Ισαάκ Νεύτων, Αλχημιστής

15 Οκτωβρίου 2010 | 3 σχόλια

Να ένα πολύ ενδιαφέρον άρθρο από τους New York Times για μια από τις σημαντικότερες ιδιοφυίες που έζησαν ποτέ, ο οποίος, λέει, αντίθετα με ό,τι θα περίμενες, έδειχνε ένα τρομερό ενδιαφέρον για την αλχημεία. Ξέρεις, αυτή την ψευτο-επιστήμη που προσπαθούσε να φτιάξει χρυσάφι από μολύβι.

There were plenty of theoretical and empirical reasons at the time to take the principles of alchemy seriously, to believe that compounds could be broken down into their basic constituents and those constituents then reconfigured into other, more desirable substances.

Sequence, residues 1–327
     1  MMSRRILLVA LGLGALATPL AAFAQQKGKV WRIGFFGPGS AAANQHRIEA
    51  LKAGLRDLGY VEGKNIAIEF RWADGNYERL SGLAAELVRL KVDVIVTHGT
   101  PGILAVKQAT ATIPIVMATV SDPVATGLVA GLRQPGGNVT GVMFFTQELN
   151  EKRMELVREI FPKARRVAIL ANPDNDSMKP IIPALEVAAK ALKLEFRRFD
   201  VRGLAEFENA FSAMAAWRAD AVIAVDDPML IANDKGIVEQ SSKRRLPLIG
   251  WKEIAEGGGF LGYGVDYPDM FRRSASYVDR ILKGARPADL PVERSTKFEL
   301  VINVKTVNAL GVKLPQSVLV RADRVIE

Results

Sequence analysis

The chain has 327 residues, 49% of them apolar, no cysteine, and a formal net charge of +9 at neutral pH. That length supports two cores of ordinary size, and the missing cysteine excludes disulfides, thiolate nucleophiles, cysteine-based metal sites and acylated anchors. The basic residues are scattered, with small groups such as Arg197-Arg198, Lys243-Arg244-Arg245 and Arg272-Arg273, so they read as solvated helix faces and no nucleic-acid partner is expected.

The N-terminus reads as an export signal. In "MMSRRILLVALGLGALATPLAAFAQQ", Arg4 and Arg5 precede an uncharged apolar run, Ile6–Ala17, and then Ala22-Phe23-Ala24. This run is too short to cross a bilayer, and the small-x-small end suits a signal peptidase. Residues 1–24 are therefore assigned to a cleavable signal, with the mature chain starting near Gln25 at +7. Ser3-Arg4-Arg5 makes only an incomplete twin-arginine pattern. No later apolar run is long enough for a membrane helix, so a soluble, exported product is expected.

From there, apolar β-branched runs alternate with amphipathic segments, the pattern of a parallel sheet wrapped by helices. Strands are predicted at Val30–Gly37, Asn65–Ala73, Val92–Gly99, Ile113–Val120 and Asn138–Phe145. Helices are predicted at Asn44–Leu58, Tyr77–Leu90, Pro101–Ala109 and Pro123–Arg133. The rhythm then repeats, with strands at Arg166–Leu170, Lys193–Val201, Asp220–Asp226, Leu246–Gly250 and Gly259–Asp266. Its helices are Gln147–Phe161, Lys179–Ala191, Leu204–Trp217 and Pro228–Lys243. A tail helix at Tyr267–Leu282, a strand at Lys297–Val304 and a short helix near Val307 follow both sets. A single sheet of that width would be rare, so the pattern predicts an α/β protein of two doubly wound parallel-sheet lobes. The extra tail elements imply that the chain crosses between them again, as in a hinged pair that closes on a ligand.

Miners were pulling up from the ground twisted bundles of copper and silver that were shaped like the stalks of a plant, suggesting that veins of metals and minerals were proliferating underground with almost florid zeal.

Pools found around other mines seemed to have extraordinary properties. Dip an iron bar into the cerulean waters of the vitriol springs of modern-day Slovakia, for example, and the artifact will emerge agleam with copper, as though the dull, dark particles of the original had been elementally reinvented. “It was perfectly reasonable for Isaac Newton to believe in alchemy,” said Dr. Newman. “Most of the experimental scientists of the 17th century did.”